O is for Older Son

If you spent more than ten minutes in Sunday School as a kid you know the parable of The Prodigal Son. But since that doesn’t work with O-week at ABC Wednesday, I’m going to look at the parable from the opposite point of view from what we’ve always learned.

So, as I wander through the bible for this round, O is for the older brother of that wayward son.

As you remember, the younger son of a man (let’s call them Junior and Jeremiah) asked for his part of the inheritance early. After all, it was his and why should he have to wait until dad dies to enjoy it? So Jerry graciously gives it to him. As soon as the cash is in hand, he’s outta there…gone to live large and enjoy the free-wheeling life of a bachelor.

But soon the cash is gone and Junior’s living in a pig pen with not a denari to him name. He pulls himself out of the muck and stumbles home, hoping dad will forgive his foolishness and welcome him back into the family. Jerry, who has been watching the horizon ever since Junior left, suddenly spies his son in the distance. He breaks a land speed record running out to meet him. It doesn’t matter where he’s been or what’s he’s done. He’s home! Overjoyed his son has returned, he throws a big welcome home party. What once was lost has been found!

But, hold on a darn second……

What about the older son? Why does Junior get a party for acting like a spoiled brat? Why is dad making such a big deal about this son who obviously shows no maturity or common sense? Come to think of it, why did dad give him his part of the inheritance early to begin with? Today, we call that enabling.

Number One Son comes in from working in the fields. He’s understandably surprised to see his no-good little brother back from doing God knows what. But he’s even more surprised at his dad’s compassion. Number One Son refuses to join the party. He’s hurt. He’s bitter. He’s angry. After all, he’s the responsible, dutiful one that’s been working the fields day in and day out without any vacation. It’s just not fair. We can almost hear the stamping of the foot.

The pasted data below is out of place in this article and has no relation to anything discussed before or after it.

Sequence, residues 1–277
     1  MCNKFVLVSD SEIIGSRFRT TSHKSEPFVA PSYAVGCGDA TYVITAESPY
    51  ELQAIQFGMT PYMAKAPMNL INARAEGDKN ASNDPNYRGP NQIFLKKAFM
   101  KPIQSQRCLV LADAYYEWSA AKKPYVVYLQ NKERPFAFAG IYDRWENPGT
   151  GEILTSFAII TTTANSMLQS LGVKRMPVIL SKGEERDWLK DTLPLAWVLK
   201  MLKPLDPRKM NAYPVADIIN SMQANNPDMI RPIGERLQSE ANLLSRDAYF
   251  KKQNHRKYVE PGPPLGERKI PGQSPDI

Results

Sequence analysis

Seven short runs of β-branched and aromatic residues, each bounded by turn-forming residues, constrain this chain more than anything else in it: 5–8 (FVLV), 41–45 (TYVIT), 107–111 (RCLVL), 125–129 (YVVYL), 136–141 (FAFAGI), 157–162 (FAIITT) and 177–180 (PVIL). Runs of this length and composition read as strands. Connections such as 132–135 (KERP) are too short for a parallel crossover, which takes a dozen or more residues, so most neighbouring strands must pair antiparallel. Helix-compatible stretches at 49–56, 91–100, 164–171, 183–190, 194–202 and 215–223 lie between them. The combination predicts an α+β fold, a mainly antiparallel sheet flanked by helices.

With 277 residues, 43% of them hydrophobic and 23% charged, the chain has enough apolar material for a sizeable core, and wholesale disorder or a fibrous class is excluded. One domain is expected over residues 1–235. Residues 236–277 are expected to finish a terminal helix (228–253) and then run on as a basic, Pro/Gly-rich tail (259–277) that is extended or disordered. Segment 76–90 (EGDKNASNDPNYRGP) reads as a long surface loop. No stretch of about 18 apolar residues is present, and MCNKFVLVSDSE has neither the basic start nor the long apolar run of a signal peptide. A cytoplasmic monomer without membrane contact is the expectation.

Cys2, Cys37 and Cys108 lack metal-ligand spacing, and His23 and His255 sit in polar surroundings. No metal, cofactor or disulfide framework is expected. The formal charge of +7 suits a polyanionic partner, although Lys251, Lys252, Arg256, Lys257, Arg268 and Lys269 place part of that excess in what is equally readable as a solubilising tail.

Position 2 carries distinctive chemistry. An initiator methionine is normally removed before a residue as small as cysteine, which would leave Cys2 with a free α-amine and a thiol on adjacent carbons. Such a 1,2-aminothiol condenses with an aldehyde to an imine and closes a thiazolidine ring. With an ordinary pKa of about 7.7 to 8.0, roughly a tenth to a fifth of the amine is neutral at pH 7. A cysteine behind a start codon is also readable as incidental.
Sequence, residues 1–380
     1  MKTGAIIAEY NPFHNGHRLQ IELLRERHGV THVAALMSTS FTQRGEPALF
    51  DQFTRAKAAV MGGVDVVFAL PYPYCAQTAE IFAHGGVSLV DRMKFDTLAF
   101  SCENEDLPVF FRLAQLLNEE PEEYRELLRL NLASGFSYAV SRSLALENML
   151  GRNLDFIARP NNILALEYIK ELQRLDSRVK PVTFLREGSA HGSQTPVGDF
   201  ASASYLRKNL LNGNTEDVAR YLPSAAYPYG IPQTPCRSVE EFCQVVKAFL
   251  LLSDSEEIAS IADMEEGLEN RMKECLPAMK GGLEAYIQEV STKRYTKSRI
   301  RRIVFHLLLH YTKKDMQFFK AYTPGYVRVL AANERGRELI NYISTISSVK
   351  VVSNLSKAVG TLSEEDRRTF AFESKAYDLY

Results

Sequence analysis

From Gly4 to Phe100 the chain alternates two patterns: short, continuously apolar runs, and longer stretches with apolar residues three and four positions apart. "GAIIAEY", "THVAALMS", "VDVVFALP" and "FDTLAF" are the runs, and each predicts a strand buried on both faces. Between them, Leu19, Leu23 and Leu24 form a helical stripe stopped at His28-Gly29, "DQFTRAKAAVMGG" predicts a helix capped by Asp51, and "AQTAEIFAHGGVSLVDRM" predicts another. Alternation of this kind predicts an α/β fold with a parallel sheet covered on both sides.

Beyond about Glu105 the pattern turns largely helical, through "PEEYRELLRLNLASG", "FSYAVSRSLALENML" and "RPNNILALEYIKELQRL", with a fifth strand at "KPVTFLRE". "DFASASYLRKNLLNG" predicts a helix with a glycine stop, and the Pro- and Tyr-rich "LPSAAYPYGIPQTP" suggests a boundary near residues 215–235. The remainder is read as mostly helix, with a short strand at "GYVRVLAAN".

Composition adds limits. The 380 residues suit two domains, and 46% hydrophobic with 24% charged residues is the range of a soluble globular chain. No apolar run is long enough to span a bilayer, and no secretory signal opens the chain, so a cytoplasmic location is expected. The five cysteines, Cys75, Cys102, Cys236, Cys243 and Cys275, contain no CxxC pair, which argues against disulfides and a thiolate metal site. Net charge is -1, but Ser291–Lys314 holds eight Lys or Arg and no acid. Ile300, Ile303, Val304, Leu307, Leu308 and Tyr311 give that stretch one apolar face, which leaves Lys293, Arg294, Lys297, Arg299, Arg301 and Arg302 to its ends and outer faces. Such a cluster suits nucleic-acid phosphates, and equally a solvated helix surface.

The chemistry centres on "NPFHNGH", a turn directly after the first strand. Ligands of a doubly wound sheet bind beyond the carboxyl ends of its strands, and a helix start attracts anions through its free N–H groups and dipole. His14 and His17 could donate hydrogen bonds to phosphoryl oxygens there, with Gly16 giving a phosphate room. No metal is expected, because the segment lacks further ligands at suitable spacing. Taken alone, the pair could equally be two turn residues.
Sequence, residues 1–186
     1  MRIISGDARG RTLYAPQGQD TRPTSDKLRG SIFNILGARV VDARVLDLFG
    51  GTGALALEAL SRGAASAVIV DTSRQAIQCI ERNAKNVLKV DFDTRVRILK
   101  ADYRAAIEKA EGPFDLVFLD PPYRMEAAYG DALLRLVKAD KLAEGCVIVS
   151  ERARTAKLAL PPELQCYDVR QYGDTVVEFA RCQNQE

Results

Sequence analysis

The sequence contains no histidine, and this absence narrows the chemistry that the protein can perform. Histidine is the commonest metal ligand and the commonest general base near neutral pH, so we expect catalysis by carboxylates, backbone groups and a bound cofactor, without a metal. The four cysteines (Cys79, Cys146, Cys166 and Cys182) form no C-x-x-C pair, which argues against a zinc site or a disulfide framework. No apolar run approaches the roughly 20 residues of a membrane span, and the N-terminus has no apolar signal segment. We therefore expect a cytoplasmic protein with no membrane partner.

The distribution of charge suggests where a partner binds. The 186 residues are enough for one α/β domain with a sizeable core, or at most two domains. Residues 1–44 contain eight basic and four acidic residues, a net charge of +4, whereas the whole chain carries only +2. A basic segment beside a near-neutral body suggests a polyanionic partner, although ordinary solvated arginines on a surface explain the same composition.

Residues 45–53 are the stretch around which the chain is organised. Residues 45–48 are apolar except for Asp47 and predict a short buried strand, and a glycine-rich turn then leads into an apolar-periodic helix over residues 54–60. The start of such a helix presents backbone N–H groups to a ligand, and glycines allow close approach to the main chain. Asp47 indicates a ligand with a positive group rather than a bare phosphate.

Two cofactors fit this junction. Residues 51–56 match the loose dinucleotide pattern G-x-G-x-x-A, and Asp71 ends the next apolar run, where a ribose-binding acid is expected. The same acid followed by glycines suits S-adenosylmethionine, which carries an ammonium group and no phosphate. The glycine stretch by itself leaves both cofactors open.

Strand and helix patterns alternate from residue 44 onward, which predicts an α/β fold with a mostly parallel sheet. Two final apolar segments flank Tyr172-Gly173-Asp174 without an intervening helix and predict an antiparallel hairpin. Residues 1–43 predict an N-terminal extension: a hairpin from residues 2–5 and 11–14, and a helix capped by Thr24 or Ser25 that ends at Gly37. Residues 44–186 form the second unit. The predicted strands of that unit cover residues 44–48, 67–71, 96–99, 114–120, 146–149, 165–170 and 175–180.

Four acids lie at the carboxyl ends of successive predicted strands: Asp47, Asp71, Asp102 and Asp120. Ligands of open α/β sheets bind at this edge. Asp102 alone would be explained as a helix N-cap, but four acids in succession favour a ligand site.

We’ve all been here. We’ve been the responsible adult. Paid our dues. Worked hard. Kept ourselves in line and held it together. And that’s what should be rewarded. Right?

But, hold on a darn second……

No one said Jerry loved Junior more than Number One Son. After all, #1 is going to receive two thirds of the estate just by being fortunate enough to born first. I’m sure Dad extended many graces to #1 over the years. But what parent isn’t heartbroken when a child of theirs makes poor choices? What parent doesn’t long for the day when their child realizes the mistakes they’ve made and decides to turn his/her life around? And when that day arrives, should that parent say, Sorry, too little, too late?

Number One Son doesn’t get it. He can’t get past his own bitterness and resentment to be happy for his dad…and his bother. It doesn’t matter to him that Junior had to learn a lesson the hard way. It doesn’t matter that the family could be reunited. It doesn’t matter that dad doesn’t have to sit up at night anymore wondering about the safety of his youngest child.

It doesn’t matter because #1 is only concerned about #1…bitter and resentful that his brother is getting all the attention, and he isn’t.

JC told this parable to make a point with the religious leaders of the day. They criticized his time spent with undesirable people…the people stuck in the pig pens of life…the prostitutes, tax collectors, adulterers, lepers, thieves etc. These leaders refused to be happy that JC was showing these people compassion, forgiving their sins and extending grace that was changing their lives. They didn’t like the way everyone was rejoicing when one of them crawled out of the muck and was given the robe of redemption. Nooooooo, all they could see was their own resentment. After all, they were the good guys, the ones everyone should be making a big deal over; the ones that deserved attention and respect.

We’re kinda like that today, aren’t we? How many times do we…
pass judgement on someone’s actions, but withhold our joy when they change?
resent the fact that someone else gets the attention we think we deserve?
remain bitter and resentful when someone who was lost is found?

Sub­mitted for ABC Wednesday

 

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3 thoughts on “O is for Older Son

  1. Another great take on a Bible character. I’ve read this story so many times and just because I’m human, I can understand a bit how the older son felt. However, older son did not understand what was most important – to love one another unconditonally and to rejoice in what is good!

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